Although ERGs sometimes fail to progress organisational inclusion efforts, this is due to design and execution – not to the underlying logic.

Informal Networking Events (Work Functions and Socials)

Even with the best intentions, what sounds like a fun, informal networking event (or social) at your company may be an example of bias that excludes certain employees from their company’s culture9. To ensuring the next work function is a party for everyone, consider these top tips for managers in charge of organising the event:

  1. Learn about employee preferences (via an organisation-wide anonymous survey) and provide options for:
    • Food
    • Drink
    • Activities
  2. Plan a greater variety of events that
    • Don’t feature alcohol
    • Happen during the day (for those who are carers or have child-care responsibilities)
    • Scheduled days of no events/parties in respect of religious holidays
    • Are group activity-based (for example: potlucks, community volunteering)
  3. Audit number of attendees and frequency of attendance and ask for feedback after events.

”There is an ever growing array of tools to help manage individuality in organisations. It starts with hiring – ensuring you see a diverse set of candidates and an interview process that is inclusive of diverse and properly trained interviewers. Also, understand any individual hire’s needs and circumstances and create a more customised work environment. This is hard to do as an organisation scales, but extremely important in getting the best out of individuals and teams. ”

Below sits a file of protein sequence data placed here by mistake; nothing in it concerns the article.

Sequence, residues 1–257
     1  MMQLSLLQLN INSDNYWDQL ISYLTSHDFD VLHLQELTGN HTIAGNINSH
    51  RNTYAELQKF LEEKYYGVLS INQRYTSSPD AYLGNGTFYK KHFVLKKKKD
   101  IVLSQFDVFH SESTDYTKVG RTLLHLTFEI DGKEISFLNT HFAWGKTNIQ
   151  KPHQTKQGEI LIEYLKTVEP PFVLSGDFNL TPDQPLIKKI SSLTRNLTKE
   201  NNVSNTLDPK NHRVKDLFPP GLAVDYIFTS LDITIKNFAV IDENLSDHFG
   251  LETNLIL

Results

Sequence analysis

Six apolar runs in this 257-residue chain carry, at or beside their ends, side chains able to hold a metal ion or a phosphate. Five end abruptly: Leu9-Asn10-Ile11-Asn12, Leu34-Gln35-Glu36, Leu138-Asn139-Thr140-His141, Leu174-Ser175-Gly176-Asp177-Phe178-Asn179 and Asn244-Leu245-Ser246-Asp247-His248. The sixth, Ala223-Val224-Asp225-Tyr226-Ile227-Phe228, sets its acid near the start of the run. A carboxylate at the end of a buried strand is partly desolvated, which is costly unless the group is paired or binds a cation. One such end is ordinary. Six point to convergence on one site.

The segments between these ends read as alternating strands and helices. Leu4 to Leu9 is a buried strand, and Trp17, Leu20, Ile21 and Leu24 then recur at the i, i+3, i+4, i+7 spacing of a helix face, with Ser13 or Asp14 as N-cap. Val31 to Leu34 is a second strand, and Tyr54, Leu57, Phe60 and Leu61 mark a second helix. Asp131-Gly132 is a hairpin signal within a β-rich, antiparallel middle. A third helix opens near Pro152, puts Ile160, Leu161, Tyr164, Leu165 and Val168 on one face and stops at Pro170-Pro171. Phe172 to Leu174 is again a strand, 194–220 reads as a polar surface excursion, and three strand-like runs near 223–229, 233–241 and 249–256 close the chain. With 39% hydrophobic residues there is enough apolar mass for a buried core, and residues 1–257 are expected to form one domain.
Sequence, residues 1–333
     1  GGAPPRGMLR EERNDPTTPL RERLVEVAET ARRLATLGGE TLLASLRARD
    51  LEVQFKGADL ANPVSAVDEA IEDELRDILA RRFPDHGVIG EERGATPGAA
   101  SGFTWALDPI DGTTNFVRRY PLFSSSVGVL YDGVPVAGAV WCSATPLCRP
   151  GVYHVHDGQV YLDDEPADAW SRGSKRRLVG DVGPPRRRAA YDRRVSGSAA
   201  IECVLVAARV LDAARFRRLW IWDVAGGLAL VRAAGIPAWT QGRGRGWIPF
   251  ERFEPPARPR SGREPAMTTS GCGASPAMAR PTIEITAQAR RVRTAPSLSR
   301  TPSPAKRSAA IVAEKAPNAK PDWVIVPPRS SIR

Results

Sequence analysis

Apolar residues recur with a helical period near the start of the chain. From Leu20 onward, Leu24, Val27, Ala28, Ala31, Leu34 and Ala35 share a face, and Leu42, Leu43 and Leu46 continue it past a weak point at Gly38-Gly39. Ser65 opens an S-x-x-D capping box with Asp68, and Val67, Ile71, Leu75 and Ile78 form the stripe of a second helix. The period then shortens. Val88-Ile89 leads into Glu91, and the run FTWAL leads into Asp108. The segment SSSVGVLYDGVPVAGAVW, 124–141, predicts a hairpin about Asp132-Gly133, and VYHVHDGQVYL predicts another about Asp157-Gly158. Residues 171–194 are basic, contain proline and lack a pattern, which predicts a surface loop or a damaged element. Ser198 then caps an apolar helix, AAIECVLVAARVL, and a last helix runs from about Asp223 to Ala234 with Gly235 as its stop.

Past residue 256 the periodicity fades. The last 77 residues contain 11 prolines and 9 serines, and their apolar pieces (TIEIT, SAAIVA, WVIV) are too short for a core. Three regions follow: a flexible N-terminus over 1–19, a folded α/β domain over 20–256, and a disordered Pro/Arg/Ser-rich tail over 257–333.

Reshma Sohoni

Founding Partner, Seedcamp

  1. Sherbin, L and Rashid, R. Diversity Doesn’t Stick Without Inclusion. HBR, February 01, 2017
  2. Winsborough, D and Chamarro-Premuzic, T. Great Teams Are About Personalities, Not Just Skills. HBR, January 25, 2017.
  3. Ibid.
  4. Reese, H. Ellen Pao worries that tech’s diversity problem is stuck in ‘raising awareness’. Vox (online): Accessed October 01, 2018.
  5. BBC News, Mental Health: Firms Ask PM to Deliver on Pledge, <a href=”″ target=”_blank”></a>
  6. Mark Suster, Both Sides of the Table, The VC Inclusion Clause, 8th March 2018, the-vc-inclusion-clause-movingforward-c5e21e61820, accessed on October 01, 2018.
  7. Green, J. Deloitte Thinks Diversity Groups Are Passé. Bloomberg Business Week, July 17th, 2017 (online) 01, 2018.
  8. Emerson, J. Colourblind Diversity Efforts Don’T Work. HBR: September 11, 2017 (online)
  9. Tulshyan, R. How Managers Can Make Casual Networking Events More Inclusive. HBR, October 22, 2018 (online)